The milk bank desperately needs this money to get up and running, so please take a moment to register and make sure to spread this message far and wide!
Project The First: Help the Mother's Milk Bank of New England Raise $10,000
There's a web site called Ideablob that is sponsored by Advanta, the company responsible for a huge portion of the small business operating loans in this country. It's a new site I discovered a little ways back while doing some research for my day job.
When I saw it, I noticed that it didn't take more than several hundred votes for a busisness idea to win, so I contacted Tanya Leiberman of the Motherwear blog and suggested the New England Milk Bank submit in an attempt to gain some much needed start-up funds.
Tanya emailed me back last week to let me know the bank had submitted their proposal and that the race was on to get enough votes to get into the finals. The milk bank is in the lead right now, but voting runs until the 21st. Please register at Ideablob and cast your vote for the milk bank so we can make sure they get into the finals. (When they do, I'll let you know again so we can rally to get enough votes to make sure they win.)
Project the Second: Help Raise $50K for One of My Readers to Launch a "Cafe and Play"
Some of you may recognize the name Alissa DeRouchie from the comments section here on The Lactivist. Alissa has been a long time reader and an active player in the conversations that take place here. As it turns out, she's also been bitten by the entrepreneur bug.
Alissa and her husband are looking to open a new kid friendly cafe with healthy, affordable options. Picture the benefits of a Chik-fil-et or Burger King play area with the bonus of yummy, healthy food like you might find at a place like Panera Bread. What parent of toddlers wouldn't want a Cafe where their kids could safely play?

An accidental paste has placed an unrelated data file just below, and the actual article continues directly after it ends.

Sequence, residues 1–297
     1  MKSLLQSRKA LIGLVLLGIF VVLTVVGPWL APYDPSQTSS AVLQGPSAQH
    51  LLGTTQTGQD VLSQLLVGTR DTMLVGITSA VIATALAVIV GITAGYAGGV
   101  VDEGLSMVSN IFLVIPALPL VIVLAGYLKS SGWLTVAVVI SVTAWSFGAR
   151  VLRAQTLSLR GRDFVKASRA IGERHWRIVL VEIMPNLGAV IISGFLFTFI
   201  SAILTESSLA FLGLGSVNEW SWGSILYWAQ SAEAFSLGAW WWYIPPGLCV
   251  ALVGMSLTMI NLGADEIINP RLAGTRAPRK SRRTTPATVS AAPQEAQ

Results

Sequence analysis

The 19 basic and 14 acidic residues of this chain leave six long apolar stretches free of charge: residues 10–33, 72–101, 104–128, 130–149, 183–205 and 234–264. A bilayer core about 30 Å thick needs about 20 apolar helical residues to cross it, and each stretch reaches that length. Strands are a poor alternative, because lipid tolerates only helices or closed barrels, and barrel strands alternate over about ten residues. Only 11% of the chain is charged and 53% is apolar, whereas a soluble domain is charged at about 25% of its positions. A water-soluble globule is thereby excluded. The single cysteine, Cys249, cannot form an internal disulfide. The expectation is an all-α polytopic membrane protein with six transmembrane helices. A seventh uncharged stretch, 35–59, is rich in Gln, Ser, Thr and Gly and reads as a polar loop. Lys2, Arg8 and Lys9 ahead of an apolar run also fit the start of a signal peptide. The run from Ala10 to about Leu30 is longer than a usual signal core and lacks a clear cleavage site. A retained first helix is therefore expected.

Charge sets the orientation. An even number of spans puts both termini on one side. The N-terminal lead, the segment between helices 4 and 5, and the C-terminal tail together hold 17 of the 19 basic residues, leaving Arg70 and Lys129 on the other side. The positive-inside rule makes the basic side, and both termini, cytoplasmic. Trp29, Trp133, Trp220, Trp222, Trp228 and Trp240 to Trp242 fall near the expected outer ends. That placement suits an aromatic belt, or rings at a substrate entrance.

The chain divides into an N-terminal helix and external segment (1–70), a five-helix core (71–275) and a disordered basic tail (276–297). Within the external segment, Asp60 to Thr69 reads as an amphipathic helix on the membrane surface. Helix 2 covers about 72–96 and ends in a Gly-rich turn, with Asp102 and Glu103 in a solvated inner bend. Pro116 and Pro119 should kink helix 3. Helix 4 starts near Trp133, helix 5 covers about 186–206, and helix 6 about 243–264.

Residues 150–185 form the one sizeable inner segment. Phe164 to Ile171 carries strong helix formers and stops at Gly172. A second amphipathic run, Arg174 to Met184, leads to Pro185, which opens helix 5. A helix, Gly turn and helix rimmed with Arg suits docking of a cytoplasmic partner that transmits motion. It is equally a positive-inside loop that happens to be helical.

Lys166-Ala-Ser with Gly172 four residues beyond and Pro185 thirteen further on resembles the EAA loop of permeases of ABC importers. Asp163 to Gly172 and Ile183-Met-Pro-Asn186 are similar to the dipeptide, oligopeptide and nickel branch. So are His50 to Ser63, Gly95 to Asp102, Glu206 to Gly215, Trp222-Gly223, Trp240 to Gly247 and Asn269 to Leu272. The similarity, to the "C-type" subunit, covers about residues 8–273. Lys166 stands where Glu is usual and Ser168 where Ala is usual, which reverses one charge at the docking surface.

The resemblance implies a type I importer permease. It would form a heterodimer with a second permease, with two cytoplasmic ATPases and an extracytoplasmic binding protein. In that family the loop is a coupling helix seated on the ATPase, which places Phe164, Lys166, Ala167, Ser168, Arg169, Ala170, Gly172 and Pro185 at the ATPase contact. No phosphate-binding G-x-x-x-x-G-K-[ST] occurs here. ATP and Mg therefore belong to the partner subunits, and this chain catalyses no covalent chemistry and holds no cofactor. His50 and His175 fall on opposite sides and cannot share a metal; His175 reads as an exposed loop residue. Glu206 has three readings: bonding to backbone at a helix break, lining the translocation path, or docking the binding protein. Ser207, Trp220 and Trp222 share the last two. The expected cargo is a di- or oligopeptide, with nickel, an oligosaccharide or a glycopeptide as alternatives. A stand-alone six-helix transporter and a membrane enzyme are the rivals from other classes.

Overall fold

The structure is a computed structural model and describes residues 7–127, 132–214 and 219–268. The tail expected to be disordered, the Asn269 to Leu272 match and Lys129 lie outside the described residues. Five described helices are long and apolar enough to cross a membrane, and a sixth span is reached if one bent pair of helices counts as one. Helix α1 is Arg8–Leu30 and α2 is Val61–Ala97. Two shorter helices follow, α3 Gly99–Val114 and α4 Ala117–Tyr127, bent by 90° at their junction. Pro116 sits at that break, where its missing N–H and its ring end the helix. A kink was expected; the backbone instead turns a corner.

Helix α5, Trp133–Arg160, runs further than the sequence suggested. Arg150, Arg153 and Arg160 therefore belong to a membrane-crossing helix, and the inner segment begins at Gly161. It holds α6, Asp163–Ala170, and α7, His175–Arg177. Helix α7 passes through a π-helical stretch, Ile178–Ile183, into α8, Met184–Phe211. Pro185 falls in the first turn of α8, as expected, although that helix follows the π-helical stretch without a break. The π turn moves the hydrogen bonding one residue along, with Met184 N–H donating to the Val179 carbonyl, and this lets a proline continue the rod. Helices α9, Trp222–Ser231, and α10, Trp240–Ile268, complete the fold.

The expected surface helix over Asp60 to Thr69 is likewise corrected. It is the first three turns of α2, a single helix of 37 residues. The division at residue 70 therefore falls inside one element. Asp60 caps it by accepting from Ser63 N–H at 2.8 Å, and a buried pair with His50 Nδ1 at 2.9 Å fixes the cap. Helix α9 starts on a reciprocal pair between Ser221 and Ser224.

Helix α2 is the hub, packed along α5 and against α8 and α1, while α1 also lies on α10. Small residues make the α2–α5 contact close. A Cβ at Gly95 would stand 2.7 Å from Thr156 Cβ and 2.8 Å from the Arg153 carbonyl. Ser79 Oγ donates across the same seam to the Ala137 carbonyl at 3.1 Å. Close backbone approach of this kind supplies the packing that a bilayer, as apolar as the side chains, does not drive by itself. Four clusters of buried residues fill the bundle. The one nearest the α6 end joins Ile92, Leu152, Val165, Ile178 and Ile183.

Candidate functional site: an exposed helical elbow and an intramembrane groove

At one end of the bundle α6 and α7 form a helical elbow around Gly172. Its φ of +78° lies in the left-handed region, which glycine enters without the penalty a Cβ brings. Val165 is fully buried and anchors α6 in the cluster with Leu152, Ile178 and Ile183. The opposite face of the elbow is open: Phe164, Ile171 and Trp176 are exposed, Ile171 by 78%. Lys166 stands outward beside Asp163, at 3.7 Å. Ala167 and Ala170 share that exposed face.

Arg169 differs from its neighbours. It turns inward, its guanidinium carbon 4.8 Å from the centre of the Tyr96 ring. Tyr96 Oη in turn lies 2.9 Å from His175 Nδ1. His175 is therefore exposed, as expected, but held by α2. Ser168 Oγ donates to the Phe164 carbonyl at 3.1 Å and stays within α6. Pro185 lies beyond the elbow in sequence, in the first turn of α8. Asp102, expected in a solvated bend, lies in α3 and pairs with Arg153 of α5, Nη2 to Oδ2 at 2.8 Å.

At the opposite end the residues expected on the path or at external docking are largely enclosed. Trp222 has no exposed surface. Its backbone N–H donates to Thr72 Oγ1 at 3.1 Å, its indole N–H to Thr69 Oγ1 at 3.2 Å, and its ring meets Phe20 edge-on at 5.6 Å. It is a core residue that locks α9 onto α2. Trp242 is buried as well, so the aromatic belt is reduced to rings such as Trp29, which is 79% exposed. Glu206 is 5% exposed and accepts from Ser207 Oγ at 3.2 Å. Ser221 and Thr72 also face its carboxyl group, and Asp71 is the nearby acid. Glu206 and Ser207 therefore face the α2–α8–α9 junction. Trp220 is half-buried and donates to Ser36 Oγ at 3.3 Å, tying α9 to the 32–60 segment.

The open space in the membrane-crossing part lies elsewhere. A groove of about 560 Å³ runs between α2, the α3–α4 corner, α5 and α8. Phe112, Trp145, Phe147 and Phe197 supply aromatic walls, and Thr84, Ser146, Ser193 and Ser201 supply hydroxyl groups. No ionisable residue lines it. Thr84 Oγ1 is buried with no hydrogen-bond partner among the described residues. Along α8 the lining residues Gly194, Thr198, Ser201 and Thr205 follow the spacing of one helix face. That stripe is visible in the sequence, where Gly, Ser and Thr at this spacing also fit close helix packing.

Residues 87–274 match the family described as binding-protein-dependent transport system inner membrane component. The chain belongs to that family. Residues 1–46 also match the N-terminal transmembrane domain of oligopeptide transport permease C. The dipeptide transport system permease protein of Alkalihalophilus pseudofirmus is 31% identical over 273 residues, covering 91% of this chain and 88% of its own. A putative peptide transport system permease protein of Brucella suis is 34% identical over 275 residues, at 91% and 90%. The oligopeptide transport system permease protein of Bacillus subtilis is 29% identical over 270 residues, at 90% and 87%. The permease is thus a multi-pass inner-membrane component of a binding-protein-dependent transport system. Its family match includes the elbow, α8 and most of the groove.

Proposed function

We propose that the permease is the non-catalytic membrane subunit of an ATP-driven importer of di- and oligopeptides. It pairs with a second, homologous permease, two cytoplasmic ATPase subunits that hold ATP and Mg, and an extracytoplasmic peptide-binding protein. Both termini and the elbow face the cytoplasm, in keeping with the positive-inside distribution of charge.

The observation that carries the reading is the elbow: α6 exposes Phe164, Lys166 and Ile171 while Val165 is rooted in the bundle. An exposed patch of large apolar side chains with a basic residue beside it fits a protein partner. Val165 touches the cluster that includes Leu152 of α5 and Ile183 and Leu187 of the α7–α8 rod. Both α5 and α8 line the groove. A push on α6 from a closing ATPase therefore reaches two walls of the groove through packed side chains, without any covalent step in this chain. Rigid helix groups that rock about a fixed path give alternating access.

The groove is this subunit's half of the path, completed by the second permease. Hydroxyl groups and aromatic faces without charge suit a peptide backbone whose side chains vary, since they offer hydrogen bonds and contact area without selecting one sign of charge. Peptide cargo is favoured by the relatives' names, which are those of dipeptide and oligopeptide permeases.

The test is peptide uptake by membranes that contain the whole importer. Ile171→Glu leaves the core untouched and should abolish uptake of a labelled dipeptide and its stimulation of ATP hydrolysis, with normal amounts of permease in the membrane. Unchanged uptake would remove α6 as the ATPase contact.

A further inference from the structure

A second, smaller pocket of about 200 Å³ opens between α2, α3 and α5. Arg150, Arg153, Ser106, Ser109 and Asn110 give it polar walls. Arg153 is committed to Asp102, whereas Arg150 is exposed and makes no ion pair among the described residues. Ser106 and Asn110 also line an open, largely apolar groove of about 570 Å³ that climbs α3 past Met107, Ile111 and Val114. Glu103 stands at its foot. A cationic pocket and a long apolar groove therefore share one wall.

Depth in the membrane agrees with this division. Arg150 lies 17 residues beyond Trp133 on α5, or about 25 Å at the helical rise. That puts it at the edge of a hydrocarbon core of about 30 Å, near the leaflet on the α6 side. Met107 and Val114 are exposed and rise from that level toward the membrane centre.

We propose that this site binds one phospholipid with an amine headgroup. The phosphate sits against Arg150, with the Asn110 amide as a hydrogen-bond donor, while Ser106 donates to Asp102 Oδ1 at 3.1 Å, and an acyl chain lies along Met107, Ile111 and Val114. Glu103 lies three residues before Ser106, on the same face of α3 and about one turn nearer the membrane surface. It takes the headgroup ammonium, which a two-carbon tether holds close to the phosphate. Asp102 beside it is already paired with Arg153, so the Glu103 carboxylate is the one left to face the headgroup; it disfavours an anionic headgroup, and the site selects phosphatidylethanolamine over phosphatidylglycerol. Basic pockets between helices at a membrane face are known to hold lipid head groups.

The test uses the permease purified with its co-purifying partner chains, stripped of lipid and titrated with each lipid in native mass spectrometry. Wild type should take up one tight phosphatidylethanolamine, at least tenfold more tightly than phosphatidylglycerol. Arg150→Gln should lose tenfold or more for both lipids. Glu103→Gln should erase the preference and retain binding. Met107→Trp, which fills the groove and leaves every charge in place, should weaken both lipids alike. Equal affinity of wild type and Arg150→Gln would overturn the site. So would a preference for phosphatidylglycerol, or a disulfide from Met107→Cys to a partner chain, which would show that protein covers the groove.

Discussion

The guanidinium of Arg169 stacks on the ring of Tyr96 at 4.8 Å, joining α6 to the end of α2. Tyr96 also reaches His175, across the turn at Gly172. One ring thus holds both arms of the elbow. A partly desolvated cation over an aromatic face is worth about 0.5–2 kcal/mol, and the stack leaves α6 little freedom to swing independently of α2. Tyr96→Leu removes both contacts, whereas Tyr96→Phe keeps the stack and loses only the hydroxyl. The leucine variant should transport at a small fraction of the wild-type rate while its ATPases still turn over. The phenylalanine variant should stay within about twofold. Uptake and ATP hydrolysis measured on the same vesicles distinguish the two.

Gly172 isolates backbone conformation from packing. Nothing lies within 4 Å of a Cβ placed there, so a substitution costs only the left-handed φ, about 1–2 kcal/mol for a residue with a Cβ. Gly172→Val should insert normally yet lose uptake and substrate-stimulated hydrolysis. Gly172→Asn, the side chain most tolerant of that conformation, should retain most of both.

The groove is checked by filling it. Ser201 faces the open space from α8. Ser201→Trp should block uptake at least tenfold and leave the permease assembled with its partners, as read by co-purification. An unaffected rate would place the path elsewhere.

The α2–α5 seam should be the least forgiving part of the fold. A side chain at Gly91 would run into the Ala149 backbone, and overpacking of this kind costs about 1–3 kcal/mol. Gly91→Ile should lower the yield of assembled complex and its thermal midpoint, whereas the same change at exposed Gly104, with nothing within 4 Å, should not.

Alissa's idea is one of five finalists in QuickBook's Just Start small business contest. Voting for the contest runs through the end of this month and the business idea that gathers the most vote will win $50,000 in start-up funds.
I'll tell you, I live here in the Columbus area where Alissa is located and I would LOVE to see this idea come to fruition. I've cast my vote and am asking my readers to consider adding their votes as well. Alissa is in second place right now, we need to get the votes moving.
You can follow Alissa's blog following their journey for this contest at Vote Cafe and Play. You can watch their video entry for the contest to get an even better idea of what they're planning.
I had hoped to get word of these out sooner, but my laptop has been out for repairs all week. I just got it back about an hour ago. The good news is that I've seen both of these stories circulating around email lists and parenting boards, so both are already getting really great exposure. That said, let's add some more votes for each cause and make SURE we advance breastfeeding and parenting.